The framework for this agreement is a series of commitments, or Intended Nationally Determined Contributions, by individual countries to reduce their emissions. Critics argue that this makes it much harder to compare national efforts, as each country’s plans can be quite different in their approach and their goals. And it is true that the system lacks the neatness of joint general pledges to somehow hold warming to, for example, two degrees Celsius. But countries are at least making considered assessments of their individual capabilities and very specific commitments. Once commitments for curbing greenhouse gas emissions have been recorded, the countries that make them can work together so that each pledge, and the actions required to achieve it, is scrutinized, successfully resolved, and eventually tightened. In this respect, at least, the Paris talks will be a success, although there may be more disagreements on other major issues.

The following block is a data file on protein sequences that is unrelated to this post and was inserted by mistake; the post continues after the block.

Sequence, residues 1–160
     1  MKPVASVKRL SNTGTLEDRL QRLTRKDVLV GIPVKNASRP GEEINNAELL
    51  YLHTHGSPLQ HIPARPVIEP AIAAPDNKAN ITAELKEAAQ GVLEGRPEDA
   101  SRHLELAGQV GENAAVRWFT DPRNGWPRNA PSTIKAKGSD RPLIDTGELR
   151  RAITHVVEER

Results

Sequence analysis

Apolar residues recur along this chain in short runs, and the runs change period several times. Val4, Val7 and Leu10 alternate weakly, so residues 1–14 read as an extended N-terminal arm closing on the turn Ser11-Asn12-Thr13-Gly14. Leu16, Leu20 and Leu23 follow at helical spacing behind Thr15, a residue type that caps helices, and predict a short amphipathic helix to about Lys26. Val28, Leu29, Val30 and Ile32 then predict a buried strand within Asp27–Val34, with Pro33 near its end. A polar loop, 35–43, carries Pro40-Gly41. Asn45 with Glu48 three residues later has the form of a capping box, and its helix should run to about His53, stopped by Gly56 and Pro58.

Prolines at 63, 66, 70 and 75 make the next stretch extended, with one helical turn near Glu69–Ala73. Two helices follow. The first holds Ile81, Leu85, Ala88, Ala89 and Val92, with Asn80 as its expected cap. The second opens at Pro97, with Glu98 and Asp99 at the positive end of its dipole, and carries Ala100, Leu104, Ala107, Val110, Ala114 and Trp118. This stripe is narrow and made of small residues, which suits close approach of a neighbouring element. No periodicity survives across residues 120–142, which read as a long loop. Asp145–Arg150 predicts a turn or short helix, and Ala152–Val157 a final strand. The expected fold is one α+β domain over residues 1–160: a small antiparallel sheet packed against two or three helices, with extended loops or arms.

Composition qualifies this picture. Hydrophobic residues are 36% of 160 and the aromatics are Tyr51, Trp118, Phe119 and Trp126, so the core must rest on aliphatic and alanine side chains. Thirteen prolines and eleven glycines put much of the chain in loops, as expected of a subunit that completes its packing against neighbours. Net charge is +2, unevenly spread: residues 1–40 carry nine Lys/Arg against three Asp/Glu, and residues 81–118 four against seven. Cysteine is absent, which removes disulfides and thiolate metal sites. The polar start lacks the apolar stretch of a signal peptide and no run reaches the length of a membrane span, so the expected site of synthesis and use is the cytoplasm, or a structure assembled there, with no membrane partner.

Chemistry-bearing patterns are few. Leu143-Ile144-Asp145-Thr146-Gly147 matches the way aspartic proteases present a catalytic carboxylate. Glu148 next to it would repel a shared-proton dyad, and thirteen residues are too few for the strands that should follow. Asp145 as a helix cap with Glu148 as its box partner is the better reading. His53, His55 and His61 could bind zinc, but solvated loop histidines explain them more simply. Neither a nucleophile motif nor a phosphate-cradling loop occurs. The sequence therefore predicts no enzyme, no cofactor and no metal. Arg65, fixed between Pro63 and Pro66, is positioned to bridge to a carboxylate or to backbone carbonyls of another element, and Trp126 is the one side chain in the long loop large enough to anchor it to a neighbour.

During the nuclear arms race, progress toward reducing nuclear dangers often followed events that sparked popular concern. Alarm over the renewed Cold War of the early 1980s, for example, led to the “Freeze Movement,” which called on the United States and the Soviet Union to adopt a mutual freeze on the testing, production, and deployment of nuclear weapons. The movement’s influence on the 1982 elections in turn contributed to the decision of U.S. President Ronald Reagan to abandon his opposition to arms control policies and to negotiate treaties with the Soviet Union that banned an entire class of nuclear weapons.
Similarly, the growing evidence today that climate change is happening—and that it has direct impacts on people’s lives, from more ferocious storms to the rising incidence of tropical diseases in northern climes—is causing a generational change in attitudes toward the seriousness of the problem and the need to take action now. Increasingly, individuals are changing their own behavior, by, for instance, installing solar panels on their homes and purchasing electric and hybrid automobiles. Local and provincial governments are taking more measures to reduce emissions, from Chicago’s green roof projects to British Columbia’s carbon tax. In the end, the problems of a changing climate will be solved only by the active involvement of the citizens of the world. The bilateral deals orchestrated over the last year by the United States and some of the world’s major emitters are a good way to begin.